Subsistence and Commercial Activities. The Baiga raise pigs (which are held in particularly high esteem), poultry, goats, and cattle (cows, bullocks, and buffalo). Dogs and cats are kept. The Baiga also grow several kinds of tobacco for Personal use and import an alcoholic beverage manufactured from the corolla of the mahua tree ( Bassia latifolia ). Ganja is used frequently but opium use is rare. Rice, various kinds of grain ( kodon, kutki, and siker ), sweet potatoes, cucumbers, dal (lentils), maize, roots, leaves, herbs, and young bamboo shoots are among the items grown or gathered for consumption. Pej (the broth in which rice or grain has been boiled) is a staple. The following fruit trees are among those grown by the Baiga: mountain black plum, mango, forest mango, white teak, coromandel ebony, wild fig, banyan, Indian quince, and sebasten plum. Leaves of the butter tree, which are ground to produce chutney, are also gathered. Fish is consumed, and all meats are considered to be acceptable for consumption. The following animals are hunted: sambar deer, blackbuck, barking deer, hares, mongooses, peacock, and various wildfowl. The Baiga also hunt rats (seventeen varieties of which have been noted) and gather eggs. Bewar is practiced. An area of forest is selected, its trees cut (leaving stumps about a foot high) and allowed to dry, then burned. Seed is sowed after the first rain. Land cultivated in this manner is worked for an average of three years. In addition to hunting, fishing, animal domestication, and agriculture, the Baiga derive income from the manufacture of bamboo products, from the cultivation and sale of honey, and by hiring themselves out as laborers.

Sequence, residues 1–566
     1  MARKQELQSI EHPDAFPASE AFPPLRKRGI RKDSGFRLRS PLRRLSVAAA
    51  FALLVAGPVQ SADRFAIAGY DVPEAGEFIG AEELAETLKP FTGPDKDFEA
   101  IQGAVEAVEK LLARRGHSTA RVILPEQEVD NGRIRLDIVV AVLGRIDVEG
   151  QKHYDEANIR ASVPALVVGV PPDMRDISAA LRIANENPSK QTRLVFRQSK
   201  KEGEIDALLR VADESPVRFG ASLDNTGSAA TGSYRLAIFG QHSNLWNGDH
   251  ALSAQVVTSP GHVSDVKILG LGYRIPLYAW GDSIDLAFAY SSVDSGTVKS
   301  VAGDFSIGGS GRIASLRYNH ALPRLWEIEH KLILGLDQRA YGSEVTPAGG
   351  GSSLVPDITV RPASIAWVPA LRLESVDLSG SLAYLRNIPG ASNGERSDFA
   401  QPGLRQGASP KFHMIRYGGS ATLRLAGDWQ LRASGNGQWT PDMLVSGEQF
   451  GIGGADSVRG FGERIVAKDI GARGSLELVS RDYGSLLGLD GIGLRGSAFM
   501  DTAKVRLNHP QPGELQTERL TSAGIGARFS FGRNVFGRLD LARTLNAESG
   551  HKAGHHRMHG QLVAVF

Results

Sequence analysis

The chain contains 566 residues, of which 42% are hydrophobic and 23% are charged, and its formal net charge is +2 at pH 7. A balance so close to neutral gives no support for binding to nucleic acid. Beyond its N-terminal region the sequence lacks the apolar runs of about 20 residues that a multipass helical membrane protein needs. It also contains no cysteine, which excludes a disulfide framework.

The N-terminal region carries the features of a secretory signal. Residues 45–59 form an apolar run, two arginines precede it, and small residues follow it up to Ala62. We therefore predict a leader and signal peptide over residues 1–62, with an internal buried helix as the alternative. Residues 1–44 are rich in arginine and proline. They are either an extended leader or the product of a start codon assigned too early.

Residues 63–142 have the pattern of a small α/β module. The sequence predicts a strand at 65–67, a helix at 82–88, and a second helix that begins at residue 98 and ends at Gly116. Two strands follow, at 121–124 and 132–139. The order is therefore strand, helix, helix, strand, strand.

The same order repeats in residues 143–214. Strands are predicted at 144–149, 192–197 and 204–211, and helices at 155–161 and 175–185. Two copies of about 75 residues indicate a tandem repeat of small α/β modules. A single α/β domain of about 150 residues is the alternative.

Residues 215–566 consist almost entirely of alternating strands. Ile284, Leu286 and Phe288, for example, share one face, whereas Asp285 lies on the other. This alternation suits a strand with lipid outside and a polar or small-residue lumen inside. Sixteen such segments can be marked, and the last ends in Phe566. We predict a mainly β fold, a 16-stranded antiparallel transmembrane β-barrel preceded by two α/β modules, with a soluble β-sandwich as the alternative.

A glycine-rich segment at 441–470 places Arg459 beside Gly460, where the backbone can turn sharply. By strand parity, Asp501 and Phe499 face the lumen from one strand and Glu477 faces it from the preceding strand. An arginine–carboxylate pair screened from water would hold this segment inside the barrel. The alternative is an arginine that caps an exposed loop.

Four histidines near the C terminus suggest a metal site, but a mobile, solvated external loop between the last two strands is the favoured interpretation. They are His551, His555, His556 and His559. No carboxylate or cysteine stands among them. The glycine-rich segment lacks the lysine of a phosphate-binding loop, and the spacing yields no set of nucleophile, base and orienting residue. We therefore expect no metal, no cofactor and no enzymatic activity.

Industrial Arts. The Baiga do not spin fibers or weave cloth. Clothing is purchased in local markets. Few implements are manufactured by Baiga artisans. Iron implements such as the axe ( tangia ), sickle ( hassia ), arrowheads, digging tools ( kudari and sabar ), wood plane ( basula ), drilling tool ( bindhna ), and a grass-clearing tool ( raphi ) are purchased from the Agaria, the Lohar, or other neighboring peoples. Many kinds of bamboo and leaf baskets are manufactured by the Baiga for personal use. Wooden beds are also produced locally.
Trade. The Baiga rely on trade to secure iron implements, salt, blankets, alcoholic beverages, and articles of clothing from neighboring peoples. Trade activity seems limited to these items. Otherwise, the Baiga are in large part self-reliant.
Division of Labor. There exists no clear division of labor based on gender. Women may engage in almost all of the activities undertaken by men. Men and women share the responsibility for cooking (the husband assuming full responsibility when the wife is menstruating), gathering water, fishing, and woodcutting. Only men are allowed to hunt, and women are not permitted to make khumris (wicker hoods lined with mohlain leaves, used when it rains) or thatch roofing for houses. Women may participate in cultivation by clearing and lighting the field debris. Women may not, However, touch plows. Women are also prohibited from killing pigs, goats, and chickens.
Land Tenure. The garden lands immediately surrounding the village and the fields used for bewar appear to be considered as the property of the individual members of particular households.